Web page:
Watch this close-call during an air refueling operation
It seems almost routine in some DOD videos, but aerial refueling is a very dangerous process where a lot of things can go very wrong. It’s really not very surprising that stuff can go wrong, when you think about what that procedure entails.
What a mid-air refueling involves, for all intents and purposes, is joining two fast-moving aircraft together to pass the fuel from the tanker to the receiving plane. When it goes well, aerial refueling helps extend the reach of combat planes. It can also save an air crew when their plane has a problem.
However, the fact remains that when you are passing jet fuel from a tanker to a combat plane, it gets tricky. In 1966, a B-52 and a KC-135 tanker collided over Palomares, Spain during a flight carried out as part of Operation Chrome Dome. In 1959, another B-52/KC-135 crash took place over Kentucky.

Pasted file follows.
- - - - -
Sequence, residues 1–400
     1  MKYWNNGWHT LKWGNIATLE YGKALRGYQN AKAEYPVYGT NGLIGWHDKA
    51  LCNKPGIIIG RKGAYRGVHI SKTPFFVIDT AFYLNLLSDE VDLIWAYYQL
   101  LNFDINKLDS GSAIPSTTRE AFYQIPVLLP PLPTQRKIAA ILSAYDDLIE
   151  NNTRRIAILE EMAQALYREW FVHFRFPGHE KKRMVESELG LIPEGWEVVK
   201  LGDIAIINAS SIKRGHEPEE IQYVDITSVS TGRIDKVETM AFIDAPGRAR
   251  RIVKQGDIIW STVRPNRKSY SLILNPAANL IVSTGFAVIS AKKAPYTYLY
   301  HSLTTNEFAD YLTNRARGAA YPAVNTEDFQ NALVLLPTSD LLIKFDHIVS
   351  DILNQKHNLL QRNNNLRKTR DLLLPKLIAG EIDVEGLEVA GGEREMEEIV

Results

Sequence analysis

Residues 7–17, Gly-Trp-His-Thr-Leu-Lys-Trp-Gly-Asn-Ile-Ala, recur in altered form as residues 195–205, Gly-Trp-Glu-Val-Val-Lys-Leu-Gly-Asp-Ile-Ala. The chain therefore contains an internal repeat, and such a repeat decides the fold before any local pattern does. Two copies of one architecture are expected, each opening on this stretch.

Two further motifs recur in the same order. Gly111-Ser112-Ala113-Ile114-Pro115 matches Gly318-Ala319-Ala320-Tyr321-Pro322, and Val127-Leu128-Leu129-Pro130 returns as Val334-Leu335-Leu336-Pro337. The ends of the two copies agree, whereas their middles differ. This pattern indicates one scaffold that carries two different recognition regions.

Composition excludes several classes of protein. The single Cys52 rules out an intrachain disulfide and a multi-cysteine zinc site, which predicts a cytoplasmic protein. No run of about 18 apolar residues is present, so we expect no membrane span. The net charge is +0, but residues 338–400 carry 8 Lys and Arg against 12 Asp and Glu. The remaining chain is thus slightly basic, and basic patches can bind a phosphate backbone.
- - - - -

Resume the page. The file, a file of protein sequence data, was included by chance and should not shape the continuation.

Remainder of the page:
Aerial refueling is accomplished in one of two ways: The refueling boom that is primarily used by the United States Air Force due to its ability to rapidly refuel bombers, or the probe-and-drogue method, used by most other countries around the world, as well as the United States Navy and Marine Corps. The Air Force also uses the probe-and-drogue method to refuel helicopters and the V-22 Osprey.
In the video below, the probe-and-drogue method is involved in most of the near-accidents, but you will see a close call between an E-3 Sentry and a United States Air Force tanker. The video goes on to show the aerial refueling when it goes right. Among the planes you will see are F-14 Tomcats and the B-2 Spirit.